Mr. LaPierre said the proposals would not reduce gun violence and called for more active prosecution of current laws and improved protection for schools, including armed guards.
"Law-abiding gun owners will not accept blame for the acts of violent or deranged criminals," Mr. LaPierre said. "We need to be honest about what works and what does not work. Proposals that would only serve to burden the law-abiding have failed in the past and they'll fail again."
Senator Richard Durbin, an Illinois Democrat, sharply challenged Mr. LaPierre, saying the city of Chicago in his home state is "awash in guns."
"We have guns everywhere, and some believe the solution to this is more guns," he said. "I disagree."
Mr. LaPierre and some Republicans on the panel said there has been a decline in prosecution of gun laws since Mr. Obama took office in 2009. "It's a disgrace," he said.
While background checks are seen as the most likely common ground in the renewed gun-control debate, Mr. Obama's plan to ban the sale of rapid-firing assault weapons like the one used in the Connecticut shootings faces much tougher opposition.
Senator Charles Grassley of Iowa, the top Republican on the committee, said the 1994 federal ban on assault weapons, which expired in 2004, did not stop mass shootings like the one at Columbine High School in Colorado.
"We should not rush to pass legislation that will not reduce mass killings. Banning guns based on their appearance does not make sense," Mr. Grassley said. "I also question limitations on magazine capacity. Those can be circumvented by carrying multiple guns, as many killers have done."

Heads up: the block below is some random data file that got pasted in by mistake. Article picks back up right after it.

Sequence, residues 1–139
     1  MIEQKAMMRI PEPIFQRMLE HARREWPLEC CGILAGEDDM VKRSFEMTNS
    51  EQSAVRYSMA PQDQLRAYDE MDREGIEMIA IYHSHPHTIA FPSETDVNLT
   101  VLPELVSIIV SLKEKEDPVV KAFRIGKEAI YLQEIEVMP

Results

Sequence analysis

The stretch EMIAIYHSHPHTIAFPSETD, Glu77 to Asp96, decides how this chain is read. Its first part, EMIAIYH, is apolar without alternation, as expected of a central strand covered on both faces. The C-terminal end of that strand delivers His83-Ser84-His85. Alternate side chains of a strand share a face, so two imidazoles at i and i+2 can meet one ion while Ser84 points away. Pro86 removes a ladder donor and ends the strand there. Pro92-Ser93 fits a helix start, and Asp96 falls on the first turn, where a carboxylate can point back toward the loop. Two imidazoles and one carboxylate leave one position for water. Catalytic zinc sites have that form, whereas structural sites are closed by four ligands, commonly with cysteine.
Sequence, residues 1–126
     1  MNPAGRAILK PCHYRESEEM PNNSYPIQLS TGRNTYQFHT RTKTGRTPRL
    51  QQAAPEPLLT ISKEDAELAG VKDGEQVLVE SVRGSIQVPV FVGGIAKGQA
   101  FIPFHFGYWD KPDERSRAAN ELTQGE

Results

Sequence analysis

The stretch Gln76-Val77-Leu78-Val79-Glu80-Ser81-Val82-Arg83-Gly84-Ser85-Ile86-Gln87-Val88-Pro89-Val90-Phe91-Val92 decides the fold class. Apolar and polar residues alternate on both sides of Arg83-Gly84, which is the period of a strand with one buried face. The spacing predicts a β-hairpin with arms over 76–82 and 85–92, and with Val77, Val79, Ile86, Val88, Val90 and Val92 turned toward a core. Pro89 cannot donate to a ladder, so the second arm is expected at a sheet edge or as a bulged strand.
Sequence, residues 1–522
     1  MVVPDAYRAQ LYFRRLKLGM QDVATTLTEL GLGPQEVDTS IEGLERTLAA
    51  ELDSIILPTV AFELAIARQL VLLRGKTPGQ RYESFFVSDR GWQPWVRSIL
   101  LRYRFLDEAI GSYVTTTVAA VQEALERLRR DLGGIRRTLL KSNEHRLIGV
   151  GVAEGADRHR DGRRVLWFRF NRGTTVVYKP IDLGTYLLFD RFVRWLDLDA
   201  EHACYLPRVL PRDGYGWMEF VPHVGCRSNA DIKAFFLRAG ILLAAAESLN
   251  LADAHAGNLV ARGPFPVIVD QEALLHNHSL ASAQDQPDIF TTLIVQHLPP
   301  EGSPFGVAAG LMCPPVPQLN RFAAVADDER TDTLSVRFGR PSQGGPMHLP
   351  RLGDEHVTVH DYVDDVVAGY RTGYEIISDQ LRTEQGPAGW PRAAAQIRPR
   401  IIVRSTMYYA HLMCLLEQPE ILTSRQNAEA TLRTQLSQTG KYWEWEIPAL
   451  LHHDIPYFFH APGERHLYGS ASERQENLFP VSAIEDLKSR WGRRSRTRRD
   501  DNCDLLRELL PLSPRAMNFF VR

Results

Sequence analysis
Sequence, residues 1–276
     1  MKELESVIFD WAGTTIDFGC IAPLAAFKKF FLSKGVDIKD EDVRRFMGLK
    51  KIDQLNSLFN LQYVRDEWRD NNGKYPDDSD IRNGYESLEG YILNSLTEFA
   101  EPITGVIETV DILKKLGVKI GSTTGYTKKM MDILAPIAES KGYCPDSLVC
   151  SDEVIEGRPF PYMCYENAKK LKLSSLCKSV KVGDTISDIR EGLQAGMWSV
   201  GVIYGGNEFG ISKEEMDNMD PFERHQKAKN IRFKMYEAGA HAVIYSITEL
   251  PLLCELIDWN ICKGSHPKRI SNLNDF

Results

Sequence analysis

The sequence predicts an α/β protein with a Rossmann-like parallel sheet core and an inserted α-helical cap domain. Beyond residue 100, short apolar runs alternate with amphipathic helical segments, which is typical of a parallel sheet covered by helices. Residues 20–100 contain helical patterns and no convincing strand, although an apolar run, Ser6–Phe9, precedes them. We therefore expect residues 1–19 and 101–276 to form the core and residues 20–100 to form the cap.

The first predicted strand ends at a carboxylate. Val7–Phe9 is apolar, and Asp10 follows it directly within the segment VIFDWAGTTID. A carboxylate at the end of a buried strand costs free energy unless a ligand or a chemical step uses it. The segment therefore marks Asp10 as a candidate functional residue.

Judiciary Committee Chairman Patrick Leahy, a Vermont Democrat, said the panel hoped to finish its work on gun-control legislation by late February and send it to the Senate floor.
That could ignite a fierce legislative battle in Congress at a time when lawmakers are also wrestling with ambitious immigration reform proposals and urgent deadlines to reach agreement on federal spending.
The hearing featured a few sharp exchanges, including one between Mr. Leahy and Mr. LaPierre over the NRA's position on background checks. "I do not believe, the way the law is working now unfortunately, that it does any good to extend the law," Mr. LaPierre said.
Mr. Kelly, who along with Ms. Giffords recently founded Americans for Responsible Solutions, a group intended to combat gun violence, said the couple was in favor of gun ownership but against gun violence. "When dangerous people get dangerous guns, we are all the more vulnerable," he said.
Mr. Leahy made clear whatever measures would be considered to rein in gun violence, there would be no move to erode the fundamental right of Americans to own a gun, which is protected under the Second Amendment of the U.S. Constitution.
Republican Senator Jeff Sessions of Alabama, a former federal prosecutor, agreed with the NRA that the government needs to better enforce existing gun laws.
"You have to prosecute," Mr. Sessions said.